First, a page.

This section describes the proposed SBL scheme for sparse beamspace channel vector estimation. We begin by introducing the proposed hierarchical prior model. Then, we use the DGAMP-SBL to estimate the mmWave channel. After that, we propose a refined algorithm to get the accurate estimation of AoAs and AoDs. And then we propose a refined algorithm to estimate the AoAs and AoDs accurately. Finally, we analyze the computation complexity of the proposed algorithm and make a comparison to the complexity of SBL.

4.1 Hierarchical prior model

We have the following results using the assumption of circular symmetric complex Gaussian noises

$$\begin{aligned} \begin{aligned} p({{\mathbf {y}}}|{{\mathbf {c}}},\lambda ) = \mathcal {C}\mathcal {N}\left( {{{\mathbf {y}}}|{\varvec{\Phi }} {\mathbf {c}},{\lambda ^{ - 1}}{{\mathbf {I}}}} \right) , \end{aligned} \end{aligned}$$

where \(\lambda = {\sigma ^{-2}}\) stands for the noise precision. In order to leverage the sparse structure of the underlying mmWave channel, we enforce sparsity constraints on the channel vector which is commonly used in the sparse Bayesian model. The sparse channel vector \({{\mathbf {c}}}\) is assumed to follow a two hierarchical prior Gaussian distribution. In the first layer, \({{\mathbf {c}}}\) is assumed that the entries of \({{\mathbf {c}}}\) are independent and identically distributed, i.e.

$$\begin{aligned} \begin{aligned} p({{\mathbf {c}}}|{\gamma })\sim \prod \limits _{i = 1}^{{N_1}{N_2}} \mathcal {C} \mathcal {N}\left( {{c_i};0,\gamma _i^{ - 1}} \right) , \end{aligned} \end{aligned}$$

where \({\gamma _i}\) denotes the inverse variance, and \({ \gamma } = [{\gamma _1},{\gamma _2}, \ldots ,{\gamma _{{N_1}N_2}}]\). Meanwhile, a Gamma prior is employed for the inverse variance vector

$$\begin{aligned} \begin{aligned} p({{{\gamma }} })&= \prod \limits _{i = 1}^{{N_1}{N_2}} {{\text {Gamma}} } \left( {{\gamma _i}\mid a + 1,b} \right) \\&= \prod \limits _{i = 1}^{{N_1}{N_2}} {{\Gamma ^{ - 1}}(a + 1){b^a}\gamma _i^a{\mathrm{{e}}^{ - b{\gamma _i}}}}, \end{aligned} \end{aligned}$$

where ab are parameters associated with the above distribution, and \(\Gamma (a) = \int _0^\infty {{t^{a - 1}}} {\mathrm{{e}}^{ - t}}\) is the Gamma function. Besides, \({{\begin{array}{c} \frown \\ {\mathbf {n}} \end{array}}}\) is Gaussian noise with zero mean and covariance matrix \(\left( {1/\lambda } \right) {{\mathbf {I}}}\). We set a Gamma hyperprior over \(\lambda\): \(p(\lambda ) = {\text {Gamma}} (\lambda \mid c+1,d) = \Gamma {(c+1)^{ - 1}}{d^{\left( c+1 \right) }}{\lambda ^{c}}{\mathrm{{e}}^{ - d\lambda }}\).

To obtain a broad hyperprior, we set \(a,b \rightarrow 0\) [35, 36]. This two-stage hierarchical prior gives

$$\begin{aligned} \begin{aligned} p({c_i}) = \int _0^\infty {p({c_i}\mid \gamma _i^{ - 1})p({\gamma _i})} d{\gamma _i}, \end{aligned} \end{aligned}$$

which is helpful to obtain sparse solutions due to the sharp peak and heavy tails with small a and b. Actually, according to paper [37], the maximum posterior estimation of \({{\mathbf {c}}}\) is consistent with \({l_0}\)-norm solution in formula (10) by FOCUSS with \(p \rightarrow 0\). To update the parameter \(\theta = \left\{ {{{\gamma }}, \lambda } \right\}\), we can also use maximum posteriori estimation to achieve the most probable values, i.e.,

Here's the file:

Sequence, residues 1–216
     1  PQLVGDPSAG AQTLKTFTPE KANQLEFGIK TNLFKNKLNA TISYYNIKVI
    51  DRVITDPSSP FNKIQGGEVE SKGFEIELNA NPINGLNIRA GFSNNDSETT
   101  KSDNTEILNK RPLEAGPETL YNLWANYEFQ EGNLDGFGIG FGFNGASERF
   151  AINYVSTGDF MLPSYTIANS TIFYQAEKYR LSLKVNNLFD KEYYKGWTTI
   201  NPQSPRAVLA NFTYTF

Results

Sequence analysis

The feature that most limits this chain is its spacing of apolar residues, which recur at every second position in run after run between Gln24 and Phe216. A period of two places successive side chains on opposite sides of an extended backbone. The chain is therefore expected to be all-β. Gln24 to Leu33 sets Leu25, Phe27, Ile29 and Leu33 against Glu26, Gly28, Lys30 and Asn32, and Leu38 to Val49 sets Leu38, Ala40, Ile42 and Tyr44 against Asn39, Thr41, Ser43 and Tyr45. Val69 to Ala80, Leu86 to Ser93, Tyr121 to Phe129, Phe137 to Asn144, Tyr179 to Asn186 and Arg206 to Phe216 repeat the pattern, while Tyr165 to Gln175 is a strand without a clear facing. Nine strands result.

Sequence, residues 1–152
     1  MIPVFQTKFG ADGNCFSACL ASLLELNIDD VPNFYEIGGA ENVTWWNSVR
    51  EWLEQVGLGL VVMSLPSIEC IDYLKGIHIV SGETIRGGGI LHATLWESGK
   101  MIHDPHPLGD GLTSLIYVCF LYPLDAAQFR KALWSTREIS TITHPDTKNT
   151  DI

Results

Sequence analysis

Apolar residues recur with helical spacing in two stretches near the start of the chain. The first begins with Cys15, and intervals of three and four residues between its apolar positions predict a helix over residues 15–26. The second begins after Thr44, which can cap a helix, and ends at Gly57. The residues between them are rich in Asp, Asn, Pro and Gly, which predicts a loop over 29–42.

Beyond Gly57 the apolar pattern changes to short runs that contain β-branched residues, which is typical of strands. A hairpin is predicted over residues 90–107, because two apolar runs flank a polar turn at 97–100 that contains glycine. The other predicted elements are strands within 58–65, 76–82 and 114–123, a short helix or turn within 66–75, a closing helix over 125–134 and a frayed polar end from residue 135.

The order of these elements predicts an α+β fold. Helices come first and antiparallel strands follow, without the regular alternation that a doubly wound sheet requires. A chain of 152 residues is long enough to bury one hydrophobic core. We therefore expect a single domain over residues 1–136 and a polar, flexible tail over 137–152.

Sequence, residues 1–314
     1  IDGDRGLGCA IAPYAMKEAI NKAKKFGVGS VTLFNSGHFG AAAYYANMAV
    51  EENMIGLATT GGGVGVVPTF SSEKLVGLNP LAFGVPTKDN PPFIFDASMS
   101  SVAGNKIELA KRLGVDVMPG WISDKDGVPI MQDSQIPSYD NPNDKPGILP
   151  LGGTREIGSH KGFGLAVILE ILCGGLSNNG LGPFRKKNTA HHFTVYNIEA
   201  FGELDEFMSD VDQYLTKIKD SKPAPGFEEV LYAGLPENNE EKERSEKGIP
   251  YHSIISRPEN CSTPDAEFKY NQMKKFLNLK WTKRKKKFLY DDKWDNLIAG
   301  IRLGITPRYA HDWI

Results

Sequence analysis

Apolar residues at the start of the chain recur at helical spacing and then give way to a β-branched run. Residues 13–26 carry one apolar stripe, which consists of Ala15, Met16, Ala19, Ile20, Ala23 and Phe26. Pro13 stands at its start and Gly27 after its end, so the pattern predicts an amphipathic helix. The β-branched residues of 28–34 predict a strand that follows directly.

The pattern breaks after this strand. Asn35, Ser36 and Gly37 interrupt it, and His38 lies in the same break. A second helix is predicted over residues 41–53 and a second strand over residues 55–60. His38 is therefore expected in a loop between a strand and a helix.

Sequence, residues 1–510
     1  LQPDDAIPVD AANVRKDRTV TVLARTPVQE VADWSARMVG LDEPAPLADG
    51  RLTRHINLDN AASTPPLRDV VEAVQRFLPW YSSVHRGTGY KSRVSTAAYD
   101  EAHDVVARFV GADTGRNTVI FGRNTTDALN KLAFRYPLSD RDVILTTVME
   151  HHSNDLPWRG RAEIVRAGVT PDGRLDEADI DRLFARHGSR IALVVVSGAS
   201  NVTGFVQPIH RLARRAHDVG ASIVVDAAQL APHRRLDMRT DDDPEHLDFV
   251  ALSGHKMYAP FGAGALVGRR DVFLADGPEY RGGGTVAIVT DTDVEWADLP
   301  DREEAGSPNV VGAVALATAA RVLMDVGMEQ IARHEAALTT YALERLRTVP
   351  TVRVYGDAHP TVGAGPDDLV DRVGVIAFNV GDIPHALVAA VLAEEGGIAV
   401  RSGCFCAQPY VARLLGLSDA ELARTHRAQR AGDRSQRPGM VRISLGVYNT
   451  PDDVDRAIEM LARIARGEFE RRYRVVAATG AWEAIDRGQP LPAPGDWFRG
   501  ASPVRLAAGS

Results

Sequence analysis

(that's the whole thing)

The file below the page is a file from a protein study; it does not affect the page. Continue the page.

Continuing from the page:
$$\begin{aligned} \begin{aligned} \left( {{{{{\gamma }} }^*},{\lambda ^*}} \right) = \arg {\max _{{{{\gamma }} },\lambda }} \; p({{{\gamma }} ,}\lambda |{{\mathbf {y}}}), \end{aligned} \end{aligned}$$

or, equivalently,

$$\begin{aligned} \begin{aligned} \left( {{{{{{\gamma }}} }^*},{\lambda ^*}} \right) = \arg {\max _{{{{\gamma }} },\lambda }}\ln p({{{\gamma }} ,}\lambda ,{{\mathbf {y}}}). \end{aligned} \end{aligned}$$

Then, the EM-SBL algorithm is employed to learn the sparse vector \({\mathbf {c}}\) and iteratively update the hyper-parameters \({{\theta }} = \left\{ {{{\gamma }}, \lambda } \right\}\). Note that the key step is to update the hyper-parameters \(p({{\gamma ,}}\lambda \mid {{\mathbf {y}}})\) by maximizing the posterior probability when the EM-SBL is in the updating phase. And in the stage of E-step, the likelihood function can be written as follows

$$\begin{aligned} \begin{aligned} p\left( {{{\mathbf {y}}}|{{\mathbf {c}}};{\sigma ^2}} \right) = \frac{1}{{{{\left( {2\pi {\sigma ^2}} \right) }^{{N_xN_y}}}}}\exp \left( { - \frac{1}{{2{\sigma ^2}}}\Vert {{\mathbf {y}}} - {{\varvec{\Phi }} }{{{\mathbf {c}}}^2}}\Vert \right) . \end{aligned} \end{aligned}$$

As noted before, the conditional density \(p\mathrm{{(}}{{\mathbf {c}}}\mathrm{{|}}{{\mathbf {r}}}\mathrm{{)}}\) shows \({\mathbf {c}}\) is Gaussian distribution. When we treat \({{\mathbf {c}}}\) as a hidden variable, its posterior distribution we need to compute conditioned on the observed vector \({{\mathbf {y}}}\) and the updated hyper-parameters \(\theta\) is a complex Gaussian [35] function

$$\begin{aligned} & p\left( {\left. {\mathbf{c}} \right|{\mathbf{y}},\gamma ^{{(t)}} ,\lambda ^{{(t)}} } \right) = \frac{{p\left( {{\mathbf{c}}|\gamma ^{{(t)}} } \right)p\left( {{\mathbf{y}}|{\mathbf{c}},\lambda ^{{(t)}} } \right)}}{{p({\mathbf{y}}|\gamma ^{{(t)}} ,\lambda ^{{(t)}} )}} \\ & \quad = (2\pi )^{{ - \frac{{(N_{1} N_{2} + 1)}}{2}}} \left| {{\mathbf{\Sigma }}_{c} } \right|^{{ - \frac{1}{2}}} \exp \left\{ { - \frac{1}{2}({\mathbf{c}} - \mu _{c} )^{{\text{T}}} {\mathbf{\Sigma }}^{{ - 1}} ({\mathbf{c}} - \mu _{c} )} \right\}, \\ \end{aligned}$$

where the posterior covariance \({{{\varvec{\Sigma }}}_c}\) and mean \({{{\mu }}_c}\) are given, respectively,

$$\begin{aligned} {\mathbf{\Sigma }}_{c} & = \left( {\lambda {\mathbf{\Phi }}^{T} {\mathbf{\Phi }} + {\mathbf{D}}} \right)^{{ - 1}} \\ \mu _{c} & = \lambda {\mathbf{\Sigma }}_{c} {\mathbf{\Phi }}^{T} {\mathbf{y}}, \\ \end{aligned}$$